Putting Your Money Where Your Mouth is in Customer Service

About ten years ago, two weeks before Valentine’s Day, a female customer, whom we will call Sue, stopped into the store to buy a bike for her husband. Because she had gone all out to get the very best bike she could for her husband, she needed to pay us in increments. So, she put a deposit on the bike until she could save up the remaining $200 to pay it off. Wanting to surprise her husband on Valentine’s Day, Sue asked Greg, a Zane’s employee, if he could put the bike in the display window that evening after she had decorated the bike with some ribbon, balloons, and a sign she made that read, “Happy Valentine’s Day, Bob.” Greg, of course, said he was happy to help her pull off the surprise and that he would put the bike in the front window.

Sue planned to bring Bob by the store, along with a few co-workers who were in on the surprise, prior to their romantic dinner. She had been dropping hints along the way and couldn’t wait to see the expression on Bob’s face. Everything was in place, except that Greg had forgotten to put the bike in the display before heading out that day.

We arrived the next morning to an irate message from Sue. Realizing how serious a mistake we’d made, we knew we needed to go above and beyond the call to duty to turn this disaster into a positive experience for the local couple. We waved the remaining balance owed on the bike, tried to re-create a romantic evening at the best Italian restaurant in the area with no spending limit and we called up a gourmet coffee shop down the road to have an elaborate lunch delivered to Sue and her co-workers who had come out to see Bob’s excited expression the night before.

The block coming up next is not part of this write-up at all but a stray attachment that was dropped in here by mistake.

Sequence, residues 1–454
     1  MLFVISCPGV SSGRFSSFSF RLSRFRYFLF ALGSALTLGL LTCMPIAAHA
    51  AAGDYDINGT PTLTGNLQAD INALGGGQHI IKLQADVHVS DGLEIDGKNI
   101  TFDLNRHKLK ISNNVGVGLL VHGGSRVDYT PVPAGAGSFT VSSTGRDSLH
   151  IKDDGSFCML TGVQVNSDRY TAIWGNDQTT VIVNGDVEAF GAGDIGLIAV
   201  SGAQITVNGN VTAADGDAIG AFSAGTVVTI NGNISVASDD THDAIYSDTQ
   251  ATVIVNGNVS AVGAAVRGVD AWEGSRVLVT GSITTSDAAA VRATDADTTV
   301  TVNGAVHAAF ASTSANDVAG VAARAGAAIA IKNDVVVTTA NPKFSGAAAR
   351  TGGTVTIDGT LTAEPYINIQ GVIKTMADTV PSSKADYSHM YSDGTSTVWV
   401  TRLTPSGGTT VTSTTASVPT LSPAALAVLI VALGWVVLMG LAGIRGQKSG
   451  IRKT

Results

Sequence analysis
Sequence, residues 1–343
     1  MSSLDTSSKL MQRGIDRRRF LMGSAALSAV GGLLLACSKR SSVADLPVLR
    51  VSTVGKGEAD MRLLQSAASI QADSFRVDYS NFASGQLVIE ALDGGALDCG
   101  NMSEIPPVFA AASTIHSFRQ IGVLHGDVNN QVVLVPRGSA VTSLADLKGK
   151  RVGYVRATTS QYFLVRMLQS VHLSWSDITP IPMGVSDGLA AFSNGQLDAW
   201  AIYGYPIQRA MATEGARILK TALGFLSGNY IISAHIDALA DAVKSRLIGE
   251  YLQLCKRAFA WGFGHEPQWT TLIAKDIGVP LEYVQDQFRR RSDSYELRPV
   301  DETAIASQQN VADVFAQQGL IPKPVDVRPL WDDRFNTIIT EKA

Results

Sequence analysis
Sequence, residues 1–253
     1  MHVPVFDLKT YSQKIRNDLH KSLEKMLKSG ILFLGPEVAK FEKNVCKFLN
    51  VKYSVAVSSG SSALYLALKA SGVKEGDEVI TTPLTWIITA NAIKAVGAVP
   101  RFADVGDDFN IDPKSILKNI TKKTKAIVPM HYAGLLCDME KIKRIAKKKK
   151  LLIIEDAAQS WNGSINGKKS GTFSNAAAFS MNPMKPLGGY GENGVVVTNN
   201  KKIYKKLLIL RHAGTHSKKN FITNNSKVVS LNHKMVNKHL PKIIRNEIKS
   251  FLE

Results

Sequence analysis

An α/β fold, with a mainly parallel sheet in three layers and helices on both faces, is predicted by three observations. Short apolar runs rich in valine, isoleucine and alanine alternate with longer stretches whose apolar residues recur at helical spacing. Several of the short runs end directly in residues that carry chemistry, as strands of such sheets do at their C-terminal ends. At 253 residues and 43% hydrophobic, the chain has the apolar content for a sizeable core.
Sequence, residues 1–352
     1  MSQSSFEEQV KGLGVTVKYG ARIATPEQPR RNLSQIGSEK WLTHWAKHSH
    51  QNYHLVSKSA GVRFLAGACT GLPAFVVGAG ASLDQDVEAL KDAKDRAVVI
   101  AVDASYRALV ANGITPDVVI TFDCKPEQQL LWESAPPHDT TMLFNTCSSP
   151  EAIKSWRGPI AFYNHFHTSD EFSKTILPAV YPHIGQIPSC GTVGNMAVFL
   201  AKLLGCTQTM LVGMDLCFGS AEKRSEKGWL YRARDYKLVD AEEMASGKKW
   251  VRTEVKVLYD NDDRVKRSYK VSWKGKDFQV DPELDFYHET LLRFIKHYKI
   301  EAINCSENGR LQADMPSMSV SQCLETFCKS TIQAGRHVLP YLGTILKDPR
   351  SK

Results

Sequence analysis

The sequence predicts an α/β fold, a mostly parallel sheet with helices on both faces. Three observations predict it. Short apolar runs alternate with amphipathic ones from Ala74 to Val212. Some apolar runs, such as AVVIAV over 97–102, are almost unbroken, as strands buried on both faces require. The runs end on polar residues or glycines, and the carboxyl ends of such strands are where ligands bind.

Obviously more concerned with rectifying our mistake than the budget to do so, we spent about $400 to correct our error and maintaining the integrity of our lifetime customer culture. Plus, considering that Sue and Bob could be worth $25,000 to Zane’s Cycles, it was well worth the investment, particularly because I don’t think Sue expected as much as we gave her. We provided more than she thought was reasonable, and as a result, we turned a terrible mistake into a positive experience for Sue, Bob and all of Sue’s co-workers.

The best part of the story, though, is that Greg—the employee who forgot to put the bike in the display—sent me an envelope in the mail with a $400 check enclosed to reimburse us for the cost of rebuilding the customer relationship and a letter apologizing for jeopardizing a prospective lifetime customer. Of course, I never cashed Greg’s check. I have it framed with the letter above my desk as a reminder that although we lost a few hundred dollars that day, it was worth every cent in two culture-reinforcing ways. We managed to save our relationship with the customer, and we had the great thrill of witnessing our employees take our principles to heart. To me, that was priceless.

Source: Reinventing the Wheel: Creating Lifetime Customers by Chris Zane | ChangeThis

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